Those of you who know me well probably just did a double take there…5Ks and I are generally not on speaking terms. I’ve coached many runners to complete their first or fastest 5Ks – some of them who claim to max-out at that distance (I’m looking at you Hanni) – but I personally do not enjoy this distance at all.

I used to enjoy a 5K as much as the next runner but as I got more and more experienced, I realized something that changed my mind – for me, the first 3 miles of every run SUCK.

So, think about that for a minute, a 5K is 3.1 miles – translation: only the .1 doesn’t suck. After the first 3 miles, I can (literally) cruise for hours and feel totally fine. It didn’t take me long to do that math and discover that the longer the race distance the higher the ratio of “good” miles to “sucky” miles.

Long story short, I don’t do 5Ks often…that is, unless there’s some compelling reason to do so.

Today, the reason was VERY compelling.

A few weeks ago, my friend Isa posted in our running group’s Facebook page looking for suggestions for a 5K to run in early September. Many of us chimed in to suggest this local race and offering to run it with her…yes, even me. Why would I do such a thing?

This was a monumental milestone race for Isa.

Not in terms of distance – she’s completed a couple of half-marathons and a bunch of other long-distance events. This race was extraordinary because it was to be the first race she participated in since receiving her Stage 3 breast cancer diagnosis earlier this year; in fact, she had just completed 6 rounds of chemotherapy 1 month ago and this race would be only 4 days before she was scheduled to undergo a double radical mastectomy.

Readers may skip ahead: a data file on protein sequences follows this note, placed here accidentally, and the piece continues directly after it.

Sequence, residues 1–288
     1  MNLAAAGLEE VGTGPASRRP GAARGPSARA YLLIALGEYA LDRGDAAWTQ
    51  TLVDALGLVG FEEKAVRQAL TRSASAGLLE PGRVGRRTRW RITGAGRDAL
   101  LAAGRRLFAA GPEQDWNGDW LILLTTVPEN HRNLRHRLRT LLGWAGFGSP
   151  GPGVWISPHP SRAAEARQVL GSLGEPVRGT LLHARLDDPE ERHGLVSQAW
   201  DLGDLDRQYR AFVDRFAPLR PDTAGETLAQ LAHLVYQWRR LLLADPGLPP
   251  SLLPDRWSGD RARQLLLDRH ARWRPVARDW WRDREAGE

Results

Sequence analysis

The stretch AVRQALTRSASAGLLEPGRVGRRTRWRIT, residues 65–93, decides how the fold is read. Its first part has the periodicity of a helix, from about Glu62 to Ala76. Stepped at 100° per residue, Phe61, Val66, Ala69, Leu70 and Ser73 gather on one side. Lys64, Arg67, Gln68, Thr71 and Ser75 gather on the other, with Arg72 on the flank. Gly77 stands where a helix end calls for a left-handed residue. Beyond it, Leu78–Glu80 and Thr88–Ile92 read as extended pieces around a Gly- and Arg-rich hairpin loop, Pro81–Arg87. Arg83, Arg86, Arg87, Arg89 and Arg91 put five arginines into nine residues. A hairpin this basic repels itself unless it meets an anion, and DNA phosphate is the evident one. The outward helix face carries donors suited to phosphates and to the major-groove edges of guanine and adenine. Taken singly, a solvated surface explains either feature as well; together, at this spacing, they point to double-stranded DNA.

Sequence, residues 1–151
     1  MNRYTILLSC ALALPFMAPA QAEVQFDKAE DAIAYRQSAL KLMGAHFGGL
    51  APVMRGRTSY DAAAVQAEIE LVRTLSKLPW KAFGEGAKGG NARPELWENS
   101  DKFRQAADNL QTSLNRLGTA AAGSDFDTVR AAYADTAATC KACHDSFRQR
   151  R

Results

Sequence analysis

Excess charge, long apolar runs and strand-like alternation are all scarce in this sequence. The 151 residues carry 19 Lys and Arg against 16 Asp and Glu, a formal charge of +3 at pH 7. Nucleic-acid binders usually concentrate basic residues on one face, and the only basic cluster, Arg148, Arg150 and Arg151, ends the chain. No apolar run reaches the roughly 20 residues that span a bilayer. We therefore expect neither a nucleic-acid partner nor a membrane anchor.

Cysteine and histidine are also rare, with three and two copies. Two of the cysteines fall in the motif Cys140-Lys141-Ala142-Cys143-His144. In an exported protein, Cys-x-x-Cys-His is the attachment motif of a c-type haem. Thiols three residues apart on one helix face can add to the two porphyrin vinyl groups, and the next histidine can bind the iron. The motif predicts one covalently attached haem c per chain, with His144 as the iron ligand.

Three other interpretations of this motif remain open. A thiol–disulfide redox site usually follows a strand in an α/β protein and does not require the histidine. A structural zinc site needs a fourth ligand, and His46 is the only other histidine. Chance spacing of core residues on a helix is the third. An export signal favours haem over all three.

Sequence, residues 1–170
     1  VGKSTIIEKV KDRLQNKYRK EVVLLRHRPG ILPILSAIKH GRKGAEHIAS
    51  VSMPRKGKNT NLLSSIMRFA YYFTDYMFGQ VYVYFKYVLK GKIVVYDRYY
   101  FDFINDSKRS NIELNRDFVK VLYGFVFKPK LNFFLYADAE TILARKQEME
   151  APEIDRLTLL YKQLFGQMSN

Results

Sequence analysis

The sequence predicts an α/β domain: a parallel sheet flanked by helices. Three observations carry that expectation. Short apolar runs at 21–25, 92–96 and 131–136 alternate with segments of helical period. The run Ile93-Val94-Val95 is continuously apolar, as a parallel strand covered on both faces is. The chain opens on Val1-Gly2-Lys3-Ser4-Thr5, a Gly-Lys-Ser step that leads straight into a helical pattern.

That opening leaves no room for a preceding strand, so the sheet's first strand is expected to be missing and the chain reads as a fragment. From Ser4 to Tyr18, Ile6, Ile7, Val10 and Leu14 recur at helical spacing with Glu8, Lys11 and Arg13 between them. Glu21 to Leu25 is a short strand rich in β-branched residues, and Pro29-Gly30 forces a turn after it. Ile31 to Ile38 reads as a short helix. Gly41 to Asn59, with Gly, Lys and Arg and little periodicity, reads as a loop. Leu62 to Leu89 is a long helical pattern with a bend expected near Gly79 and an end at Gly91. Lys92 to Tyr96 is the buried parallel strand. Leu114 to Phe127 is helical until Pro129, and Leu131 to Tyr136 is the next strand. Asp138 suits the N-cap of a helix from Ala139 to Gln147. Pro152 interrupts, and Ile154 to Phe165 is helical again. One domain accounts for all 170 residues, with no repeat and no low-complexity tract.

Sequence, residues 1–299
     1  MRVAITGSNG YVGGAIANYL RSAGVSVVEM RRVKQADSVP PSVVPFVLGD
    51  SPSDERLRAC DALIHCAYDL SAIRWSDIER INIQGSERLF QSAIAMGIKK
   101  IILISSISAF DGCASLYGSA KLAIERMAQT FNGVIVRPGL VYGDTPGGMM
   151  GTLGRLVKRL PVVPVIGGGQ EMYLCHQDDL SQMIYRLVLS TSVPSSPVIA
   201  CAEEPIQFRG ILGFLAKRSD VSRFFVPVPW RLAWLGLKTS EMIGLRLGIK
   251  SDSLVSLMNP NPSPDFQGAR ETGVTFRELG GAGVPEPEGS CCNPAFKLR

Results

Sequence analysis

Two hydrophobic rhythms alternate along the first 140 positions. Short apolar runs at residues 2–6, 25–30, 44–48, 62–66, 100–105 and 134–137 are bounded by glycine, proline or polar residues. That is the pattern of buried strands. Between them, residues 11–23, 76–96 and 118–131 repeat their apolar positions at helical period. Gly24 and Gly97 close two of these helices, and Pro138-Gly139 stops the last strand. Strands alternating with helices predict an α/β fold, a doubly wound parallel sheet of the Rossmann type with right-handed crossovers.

No way was I going to miss this!

This morning, we all met up at the race start donned in pink (except Drew cuz he said he doesn’t own any pink…uh huh…).


It was overcast and cool – just the way we runners like it. We let Isa set the pace and the group stayed together. I ran ahead several times to get some video footage of the group running.

There were a few runfies (running-selfies) and photo ops along the way.11951214_10153276306733392_8759672481165185637_n

11998858_10103387120435414_4869739971674218371_n-2The folks that came out in the neighborhood saw our pink and our girl and the support was amazing! At one point, she had her own personal mobile cheering squad lead by a lovely, random stranger who was leading “When I say Isa, you say run” call-and-answer chants as she ran past race spectators in their driveway. AWESOME.

At the finish line, we formed two lines facing each other and clapped (reminiscent of Ragnar DC 2014) as Isa ran through, her army of pink (and Drew) then following right behind her.


We crossed the finish line with her and showered her with hugs. It was even more amazing than I imagined. We were in awe of her.

Once again, she’d solidified her hero status among the group.


It was just over a year ago, that I gave her the title Unstoppable Isa and she has more than lived up to that name. Not even a cancer diagnosis followed by 6 rounds of chemo has done a damn thing to dull that brilliant smile of hers. Congratulations Isa! It was an honor for us to be with you today – we are so grateful for the invite 🙂


She posted a statement after the race:

“Today was an awesome day! I did my first race since my diagnosis and after completing 6 rounds of chemotherapy. But the best part of it was that my lovely husband, bestie and my extended family were there with me each step of the way and were there with me crossing the finish line. One more race for the books and memories.”

That’s the thing about running – it turns complete strangers into great friends; share a few miles with a person and they become family. Running is so much more than exercise. It’s a way of life that, when shared with others, binds folks together in ways that have to be felt to truly understand.

Days like today remind me that it’s not about the miles, it’s about the experience. It is far too easy to get wrapped up in mileage, paces, and intensity. But today, no one on our team has any idea of what our finish time was…and no one cares.

This is why we run.


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